Publishing is like the weather in Chicago. Just wait a minute and it’ll change. No one knows that better than my friend, author Brenda Janowitz, who shares with us today how her newest novel was something she never thought would see the light of day, let alone a book shelf, and how she turned it upside down and inside out to meet a need in the market and a desire within herself to see the story published.
Tell us about the novels and idea you’ve tucked away, congratulate Brenda on today’s launch of her newest novel, THE LONELY HEARTS CLUB, and welcome her back to WFW!
How I Dusted Off An Old Idea And Wrote A New Adult Novel
I’m talking about “trunk novels.” Those novel proposals, book ideas, and glimmers in the eye that just never went anywhere. Some writers have complete manuscripts just sitting in a desk drawer somewhere, just waiting to see the light of day.
I got the idea for THE LONELY HEARTS CLUB back in 2007, before my first novel was published. I was thinking about different ideas to pitch, other stories to tell now that my debut novel was about to come out. I wanted to create a protagonist who was in no way like the protagonist of my first novel. So no more lawyers, no more girly girls, and definitely a different voice.
I started with the idea of a rocker chick, a girl who lived in the downtown club scene and cared more about music than anything else in the world. My agent liked the idea, so I ran with it: I wrote 100 pages and an outline for the rest. We pitched it to my publisher, but they had other ideas in mind: they wanted a sequel to my debut novel.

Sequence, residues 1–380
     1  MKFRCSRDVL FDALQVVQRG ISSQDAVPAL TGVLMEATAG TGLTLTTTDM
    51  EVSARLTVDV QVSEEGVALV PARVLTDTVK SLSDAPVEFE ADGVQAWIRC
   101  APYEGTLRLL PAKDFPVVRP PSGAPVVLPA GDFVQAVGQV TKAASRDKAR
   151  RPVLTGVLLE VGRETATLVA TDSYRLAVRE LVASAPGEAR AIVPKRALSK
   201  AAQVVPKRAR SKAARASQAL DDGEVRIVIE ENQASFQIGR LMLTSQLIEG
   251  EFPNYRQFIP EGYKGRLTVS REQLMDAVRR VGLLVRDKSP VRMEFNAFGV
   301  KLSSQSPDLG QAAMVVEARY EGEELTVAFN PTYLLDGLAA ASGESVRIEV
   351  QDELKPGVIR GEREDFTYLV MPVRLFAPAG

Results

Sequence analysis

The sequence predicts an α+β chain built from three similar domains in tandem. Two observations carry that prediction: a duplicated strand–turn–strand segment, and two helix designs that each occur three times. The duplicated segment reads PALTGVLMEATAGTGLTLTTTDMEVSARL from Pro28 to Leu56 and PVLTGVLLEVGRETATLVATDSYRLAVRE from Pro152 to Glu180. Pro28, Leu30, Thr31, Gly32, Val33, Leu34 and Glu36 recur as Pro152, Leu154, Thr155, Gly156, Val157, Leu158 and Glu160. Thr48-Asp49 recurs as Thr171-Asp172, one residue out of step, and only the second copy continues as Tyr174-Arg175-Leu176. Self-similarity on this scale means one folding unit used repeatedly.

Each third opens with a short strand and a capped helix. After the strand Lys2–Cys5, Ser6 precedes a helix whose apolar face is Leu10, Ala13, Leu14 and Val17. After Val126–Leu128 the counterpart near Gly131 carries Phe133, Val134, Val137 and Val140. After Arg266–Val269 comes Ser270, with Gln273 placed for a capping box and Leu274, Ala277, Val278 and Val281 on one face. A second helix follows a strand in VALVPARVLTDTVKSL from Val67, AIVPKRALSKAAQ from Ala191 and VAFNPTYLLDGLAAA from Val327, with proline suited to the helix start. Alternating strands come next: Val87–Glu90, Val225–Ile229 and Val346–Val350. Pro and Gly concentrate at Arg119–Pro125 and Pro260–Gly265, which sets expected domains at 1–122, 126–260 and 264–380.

Once my contract was up, we were free to shop it elsewhere. Only problem was, in the time since writing the proposal for THE LONELY HEARTS CLUB, the market had turned. Suddenly, “chick lit” was a dirty word, and editors were scared of acquiring anything that resembled it. So, LONELY HEARTS went into the trunk, and I began work on what would become my third novel, RECIPE FOR A HAPPY LIFE.
But then a funny thing happened. The market changed again. E-books were on fire, and a new market was born.
An old friend of mine, the wonderful Jason Pinter, contacted me about a new indie publishing house he was creating. Polis Books would be e-book only, and he would be establishing real partnerships with his authors. He was interested in creating a women’s fiction arm, so I told him about my trunk novel.
The rest, as they say, is history. I took THE LONELY HEARTS CLUB out of the trunk, and started writing again. I’d been reading a lot of New Adult novels—novels that fill the space between the Young Adult market and the older Women’s Fiction crowd—so I lowered the protagonist’s age to twenty-two. Working off my old outline, I finished it, and Polis Books will be publishing THE LONELY HEARTS CLUB on May 6th.
I’m excited about this novel. And scared. And a whole host of other things, too. There’s something thrilling about taking an old novel out of the trunk and dusting it off. There’s also something terrifying—what if it should never have come out?!
I’ll figure that out on today I suppose. And then, who knows, maybe it will inspire me to dig out some other story ideas that I never finished….